Are you from a long line of strong women?
Is there one particular strong woman that has influenced your life?

~ Buffie


  1. Buffie, loved, loved, loved your post!! You wrote such a beautiful, loving piece and I thank you for sharing it here. Wow! Your grandmother was a wonderful lady and is a testament to all that is held dear: love of God, love of family, love of country, love of life.

  2. Oh, what a great post. My mom is my hero, too. Surviving 3, count them 3, different rounds with cancer (her 2 latest in the past 6 years), enlarged spleen (which had to be taken out), Lump in her breast (removed), Tumor in her throat (removed), breaking her part of her vertebrea in 1980 but not finding that it happened until 1990 so now she has to wear a back brace the rest of her life. do you think all of this would put you down? She wakes up every day ready to take on the world!

  3. Thank you, Deb! She was a wonderful lady and like I said she taught me a lot!

  4. Practimom -- Thanks! My, your mother sounds like a VERY strong woman. To survive all that she has and to still live life to the fullest -- that IS a strong woman. Hold her close every day and tell her what she means to you. Thank you so much for sharing her story with us.

  5. Wow! What a lovely blog post, Buffie and what a tribute to a wonderful, special, woman. You got me all misty!

    Your grandmother reminds me of mine. She was strong, and did what needed to be done for her family without compliant, and kept active with her friends. And always had delicious food on the table. :)

    I love how women of that generation exemplified how inner strength is so much more important than physical strength!

  6. Oh, Buffie, what a lovely post! And what a wonderful legacy of strength and joie de vivre your grandmother left you!

  7. Buffie, what a beautiful, loving tribute to your grandmother. She was certainly a woman ahead of her time and what a wonderful legacy she left you!

    Thank you for sharing her with us!

  8. Buffie, your post brought tears to my eyes for two reasons. First, it is an absolutely beautiful tribute to your grandmother, and second, because she reminds me a lot of my grandmother. A lot. My Mamaw was one of the strongest women I've ever had the priviledge to know and I think of her all the time. I second what Deb said that your grandmother is a testament to all that is held dear. What an amazing woman! Thank you for sharing her with us today.

  9. I love how women of that generation exemplified how inner strength is so much more important than physical strength!

    Well said, Lisa! I totally agree with you. Inner strength requires so much more of us.

  10. Thanks Janga!! Joie de vivre described it perfectly!

  11. Thanks PJ! Yes, Grandma was a head of her time.

  12. Aww, Andrea, I didn't mean to make you cry. But I understand what you mean. I miss my Grandma terribly. I hate that she never knew my boys and that THEY never knew her.

  13. Buffie, what a beautiful tribute to your very special grandma! My grandma was much the same....and my mom, too. Yes, I come from a long line of strong women. My mother-in-law was cut from the same cloth, so, lucky for me, my husband is used to a strong woman. *g*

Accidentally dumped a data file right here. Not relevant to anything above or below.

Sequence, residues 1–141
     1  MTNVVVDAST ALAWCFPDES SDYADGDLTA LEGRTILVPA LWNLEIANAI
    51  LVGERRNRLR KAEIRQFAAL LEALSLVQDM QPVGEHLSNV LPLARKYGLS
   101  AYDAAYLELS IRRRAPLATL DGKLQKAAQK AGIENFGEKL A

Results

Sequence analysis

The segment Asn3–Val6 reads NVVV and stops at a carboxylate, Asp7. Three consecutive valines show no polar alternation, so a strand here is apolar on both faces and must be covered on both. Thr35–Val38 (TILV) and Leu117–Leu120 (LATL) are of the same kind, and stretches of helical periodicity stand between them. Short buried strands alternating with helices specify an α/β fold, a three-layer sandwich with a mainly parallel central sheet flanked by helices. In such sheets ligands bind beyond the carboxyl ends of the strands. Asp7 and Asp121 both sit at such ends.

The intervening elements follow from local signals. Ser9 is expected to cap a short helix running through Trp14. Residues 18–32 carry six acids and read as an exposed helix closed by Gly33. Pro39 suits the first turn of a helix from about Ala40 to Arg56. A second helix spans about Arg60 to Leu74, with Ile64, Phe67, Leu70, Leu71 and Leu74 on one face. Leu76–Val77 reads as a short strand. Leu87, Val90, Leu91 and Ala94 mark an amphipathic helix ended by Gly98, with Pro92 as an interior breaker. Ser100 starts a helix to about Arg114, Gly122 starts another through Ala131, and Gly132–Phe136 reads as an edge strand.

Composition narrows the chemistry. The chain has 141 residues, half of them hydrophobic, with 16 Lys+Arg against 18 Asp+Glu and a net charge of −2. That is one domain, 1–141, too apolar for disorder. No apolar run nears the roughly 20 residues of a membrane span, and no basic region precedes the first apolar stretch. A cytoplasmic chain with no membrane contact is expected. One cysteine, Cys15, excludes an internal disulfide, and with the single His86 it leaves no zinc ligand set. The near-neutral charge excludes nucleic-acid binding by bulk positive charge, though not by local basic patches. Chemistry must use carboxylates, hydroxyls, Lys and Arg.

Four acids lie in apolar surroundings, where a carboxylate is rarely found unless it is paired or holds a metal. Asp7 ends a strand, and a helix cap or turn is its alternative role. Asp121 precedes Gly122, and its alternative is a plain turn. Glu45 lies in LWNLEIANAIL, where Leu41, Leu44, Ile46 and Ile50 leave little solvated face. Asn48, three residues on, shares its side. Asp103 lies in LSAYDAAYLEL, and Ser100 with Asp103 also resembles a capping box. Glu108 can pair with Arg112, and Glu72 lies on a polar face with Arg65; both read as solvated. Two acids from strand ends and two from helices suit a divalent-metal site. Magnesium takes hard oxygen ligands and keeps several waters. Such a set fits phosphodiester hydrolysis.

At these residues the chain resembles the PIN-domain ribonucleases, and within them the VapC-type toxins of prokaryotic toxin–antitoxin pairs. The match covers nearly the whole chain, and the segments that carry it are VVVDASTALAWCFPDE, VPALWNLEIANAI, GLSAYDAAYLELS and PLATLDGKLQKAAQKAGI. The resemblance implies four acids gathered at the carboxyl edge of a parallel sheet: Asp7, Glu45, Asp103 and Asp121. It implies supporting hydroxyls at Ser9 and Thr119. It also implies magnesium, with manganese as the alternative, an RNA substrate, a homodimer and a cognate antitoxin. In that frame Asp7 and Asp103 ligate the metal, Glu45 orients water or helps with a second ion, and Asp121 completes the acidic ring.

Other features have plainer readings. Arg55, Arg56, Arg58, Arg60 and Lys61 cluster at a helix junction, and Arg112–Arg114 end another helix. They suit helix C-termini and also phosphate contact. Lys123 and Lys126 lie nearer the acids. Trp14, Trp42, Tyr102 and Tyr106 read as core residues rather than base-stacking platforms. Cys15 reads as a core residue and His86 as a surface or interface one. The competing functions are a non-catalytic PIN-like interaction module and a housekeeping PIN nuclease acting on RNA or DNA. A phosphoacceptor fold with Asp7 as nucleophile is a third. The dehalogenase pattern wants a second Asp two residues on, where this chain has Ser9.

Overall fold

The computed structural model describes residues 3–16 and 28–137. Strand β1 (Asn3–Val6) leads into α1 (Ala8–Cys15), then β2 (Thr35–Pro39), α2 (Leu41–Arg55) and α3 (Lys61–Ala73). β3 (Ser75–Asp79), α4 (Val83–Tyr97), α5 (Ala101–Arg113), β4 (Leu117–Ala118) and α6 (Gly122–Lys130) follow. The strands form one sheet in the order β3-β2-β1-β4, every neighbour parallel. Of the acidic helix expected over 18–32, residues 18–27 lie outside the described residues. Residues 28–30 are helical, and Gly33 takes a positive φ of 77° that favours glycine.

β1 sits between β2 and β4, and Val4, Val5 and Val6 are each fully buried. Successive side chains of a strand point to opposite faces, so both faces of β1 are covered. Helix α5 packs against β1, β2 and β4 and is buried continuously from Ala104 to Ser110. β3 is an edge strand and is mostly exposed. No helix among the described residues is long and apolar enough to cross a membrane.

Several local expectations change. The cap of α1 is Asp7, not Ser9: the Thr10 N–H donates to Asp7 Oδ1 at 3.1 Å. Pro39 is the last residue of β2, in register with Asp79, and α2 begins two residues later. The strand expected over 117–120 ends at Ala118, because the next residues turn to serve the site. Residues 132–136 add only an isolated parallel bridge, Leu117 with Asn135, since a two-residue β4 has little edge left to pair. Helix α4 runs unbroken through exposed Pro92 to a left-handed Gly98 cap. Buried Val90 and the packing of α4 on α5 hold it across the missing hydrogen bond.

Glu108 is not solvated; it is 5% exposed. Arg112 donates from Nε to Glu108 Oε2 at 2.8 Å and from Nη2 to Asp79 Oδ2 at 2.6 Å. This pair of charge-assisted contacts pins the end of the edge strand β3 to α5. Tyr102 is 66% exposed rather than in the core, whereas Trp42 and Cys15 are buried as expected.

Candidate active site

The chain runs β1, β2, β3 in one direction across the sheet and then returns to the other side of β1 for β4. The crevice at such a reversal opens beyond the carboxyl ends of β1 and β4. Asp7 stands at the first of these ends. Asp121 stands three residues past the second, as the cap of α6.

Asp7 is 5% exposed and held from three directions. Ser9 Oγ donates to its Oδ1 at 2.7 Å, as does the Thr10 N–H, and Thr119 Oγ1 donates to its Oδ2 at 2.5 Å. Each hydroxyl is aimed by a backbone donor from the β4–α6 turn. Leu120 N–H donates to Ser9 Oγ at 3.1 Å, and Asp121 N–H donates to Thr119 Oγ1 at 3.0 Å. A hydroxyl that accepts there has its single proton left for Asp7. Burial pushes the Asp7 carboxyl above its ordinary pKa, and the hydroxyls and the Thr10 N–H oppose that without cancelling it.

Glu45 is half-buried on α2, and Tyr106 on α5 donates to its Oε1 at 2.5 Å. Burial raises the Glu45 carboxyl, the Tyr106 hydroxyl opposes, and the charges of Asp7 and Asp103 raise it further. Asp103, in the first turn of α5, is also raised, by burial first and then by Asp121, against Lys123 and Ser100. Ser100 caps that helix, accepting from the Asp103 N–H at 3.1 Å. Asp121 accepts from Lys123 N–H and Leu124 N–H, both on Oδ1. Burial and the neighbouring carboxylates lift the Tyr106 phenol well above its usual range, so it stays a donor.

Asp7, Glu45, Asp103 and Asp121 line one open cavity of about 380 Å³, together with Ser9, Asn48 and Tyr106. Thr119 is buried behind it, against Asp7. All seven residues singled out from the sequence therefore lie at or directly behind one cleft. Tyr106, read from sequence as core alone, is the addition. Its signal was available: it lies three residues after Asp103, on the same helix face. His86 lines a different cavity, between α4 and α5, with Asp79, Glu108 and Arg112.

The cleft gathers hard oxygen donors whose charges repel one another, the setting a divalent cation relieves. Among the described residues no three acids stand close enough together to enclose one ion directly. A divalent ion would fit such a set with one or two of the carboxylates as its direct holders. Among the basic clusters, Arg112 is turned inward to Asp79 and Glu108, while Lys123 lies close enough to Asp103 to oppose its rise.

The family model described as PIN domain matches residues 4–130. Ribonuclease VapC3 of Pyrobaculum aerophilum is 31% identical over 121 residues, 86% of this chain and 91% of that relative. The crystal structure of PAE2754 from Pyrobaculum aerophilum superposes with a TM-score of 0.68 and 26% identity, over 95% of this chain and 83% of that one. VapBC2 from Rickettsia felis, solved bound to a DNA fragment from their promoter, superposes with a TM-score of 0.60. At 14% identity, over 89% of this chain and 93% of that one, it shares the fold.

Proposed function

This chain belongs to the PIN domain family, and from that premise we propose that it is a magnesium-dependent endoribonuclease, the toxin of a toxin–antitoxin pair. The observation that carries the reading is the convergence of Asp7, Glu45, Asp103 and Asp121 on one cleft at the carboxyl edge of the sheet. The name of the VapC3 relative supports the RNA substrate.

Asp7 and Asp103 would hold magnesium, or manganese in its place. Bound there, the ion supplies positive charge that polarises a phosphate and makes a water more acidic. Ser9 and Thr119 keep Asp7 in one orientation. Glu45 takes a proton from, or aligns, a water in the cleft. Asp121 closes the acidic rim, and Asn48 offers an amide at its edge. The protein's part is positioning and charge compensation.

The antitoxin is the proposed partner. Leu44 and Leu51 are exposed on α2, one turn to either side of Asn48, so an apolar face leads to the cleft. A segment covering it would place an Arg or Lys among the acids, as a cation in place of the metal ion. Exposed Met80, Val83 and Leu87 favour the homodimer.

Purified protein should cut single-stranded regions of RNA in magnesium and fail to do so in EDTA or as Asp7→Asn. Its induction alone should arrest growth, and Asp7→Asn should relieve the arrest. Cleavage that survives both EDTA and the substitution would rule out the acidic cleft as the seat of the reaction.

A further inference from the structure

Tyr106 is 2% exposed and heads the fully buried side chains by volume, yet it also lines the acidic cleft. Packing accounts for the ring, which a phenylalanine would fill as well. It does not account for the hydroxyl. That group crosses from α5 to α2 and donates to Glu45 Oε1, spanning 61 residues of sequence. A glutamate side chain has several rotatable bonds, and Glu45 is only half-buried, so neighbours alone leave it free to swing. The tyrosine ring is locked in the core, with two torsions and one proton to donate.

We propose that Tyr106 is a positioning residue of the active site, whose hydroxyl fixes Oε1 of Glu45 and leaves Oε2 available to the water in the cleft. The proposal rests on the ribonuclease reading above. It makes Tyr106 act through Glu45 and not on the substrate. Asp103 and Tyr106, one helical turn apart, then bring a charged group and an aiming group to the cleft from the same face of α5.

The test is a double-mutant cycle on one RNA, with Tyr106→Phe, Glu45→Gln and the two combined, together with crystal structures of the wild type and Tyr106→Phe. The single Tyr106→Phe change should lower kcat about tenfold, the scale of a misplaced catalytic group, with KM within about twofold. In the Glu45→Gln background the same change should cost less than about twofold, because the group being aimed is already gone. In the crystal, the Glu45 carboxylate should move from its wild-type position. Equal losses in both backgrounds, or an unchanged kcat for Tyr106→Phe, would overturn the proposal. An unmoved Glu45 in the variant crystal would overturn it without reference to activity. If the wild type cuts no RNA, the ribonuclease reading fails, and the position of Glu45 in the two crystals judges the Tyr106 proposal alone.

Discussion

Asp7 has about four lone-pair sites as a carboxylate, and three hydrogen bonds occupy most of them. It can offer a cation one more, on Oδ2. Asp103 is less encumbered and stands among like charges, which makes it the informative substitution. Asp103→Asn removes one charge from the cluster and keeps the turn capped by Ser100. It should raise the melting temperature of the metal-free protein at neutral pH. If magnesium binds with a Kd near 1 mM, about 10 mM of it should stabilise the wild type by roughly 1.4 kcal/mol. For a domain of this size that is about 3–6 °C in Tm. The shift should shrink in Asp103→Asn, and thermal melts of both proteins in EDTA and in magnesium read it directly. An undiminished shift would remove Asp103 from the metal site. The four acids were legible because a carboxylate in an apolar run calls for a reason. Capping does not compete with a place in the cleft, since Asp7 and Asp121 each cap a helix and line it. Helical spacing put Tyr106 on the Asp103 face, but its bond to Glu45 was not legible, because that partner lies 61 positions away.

These three strong and special ladies have all passed, but I feel them with me in spirit, especially when I'm going through a rough patch. They all persevered through some especially tough times, and I admire their tenacity. I can only hope that some of it rubbed off on me.

  14. Your Grandmother was cerainly a wonderful woman, well ahead of her time. I have been lucky with the Grandmothers I was given. Both of them kept families together and always had time for their many grandchildren. I was also blessed with a great mother who died much too early at 47, and a mother-in-law who was way ahead of her time and gaveu up much to take care of her sons when she bacame a widow at 46.

  15. The strongest woman I ever knew was my mother with her sisters all running as close seconds. When she was young her and my father lived with his sister and brother. My aunt had broken her leg, my uncle was sick and dad walked miles out of a holler to go to work leaving mother to tend to the sick. Carrying wood and water, washing on a washboard and hanging the clothes to dry.
    She never worked outside the home until I was in junior high and even then she was home before me. She never went past the third grade.
    Here are some pictures.

  16. Lovely tribute, Buffie. My grandmother is a strong woman, too, raised her 5 kids on her own while working after a divorce, helped later with some troublesome grandkids. Still living on her own at 94, doesn't look her age, just keeps trucking along through everything, and taking care of one older grandson still.

  17. Oh Gannon, I'm sure you do feel the presence of those strong women who have gone before us. Just like you I can feel my Grandma giving me a little push during those difficult times.

  18. Librarypat -- sure sounds like you have a long line of strong women in your family too. Great examples, weren't they?

  19. Wow, Dianna, she was definitely a strong woman! It amazes me how the women of that generation just did what needed to be done and a lot of the younger women today have no idea what being strong means.

  20. Pam -- WOW, 94 and still helping out with the grandkids! That is strong and wonderful.